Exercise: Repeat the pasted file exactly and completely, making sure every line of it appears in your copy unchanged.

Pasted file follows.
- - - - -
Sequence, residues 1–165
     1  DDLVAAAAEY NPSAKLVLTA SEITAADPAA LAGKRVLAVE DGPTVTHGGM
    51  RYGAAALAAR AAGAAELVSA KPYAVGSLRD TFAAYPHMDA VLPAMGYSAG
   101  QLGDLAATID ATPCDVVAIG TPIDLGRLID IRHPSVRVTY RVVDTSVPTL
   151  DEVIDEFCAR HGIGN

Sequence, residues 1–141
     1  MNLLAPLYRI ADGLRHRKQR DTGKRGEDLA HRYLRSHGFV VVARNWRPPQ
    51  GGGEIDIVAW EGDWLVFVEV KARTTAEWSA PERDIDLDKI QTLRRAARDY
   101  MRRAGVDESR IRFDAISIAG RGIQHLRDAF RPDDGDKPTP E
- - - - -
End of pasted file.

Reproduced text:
Sequence, residues 1–165
     1  DDLVAAAAEY NPSAKLVLTA SEITAADPAA LAGKRVLAVE DGPTVTHGGM
    51  RYGAAALAAR AAGAAELVSA KPYAVGSLRD TFAAYPHMDA VLPAMGYSAG
   101  QLGDLAATID ATPCDVVAIG TPIDLGRLID IRHPSVRVTY RVVDTSVPTL
   151  DEVIDEFCAR HGIGN

Sequence, residues 1–141
     1  MNLLAPLYRI ADGLRHRKQR DTGKRGEDLA HRYLRSHGFV VVARNWRPPQ
    51  GGGEIDIVAW EGDWLVFVEV KARTTAEWSA PERDIDLDKI QTLRRAARDY
   101  MRRAGVDESR IRFDAISIAG RGIQHLRDAF RPDDGDKPTP E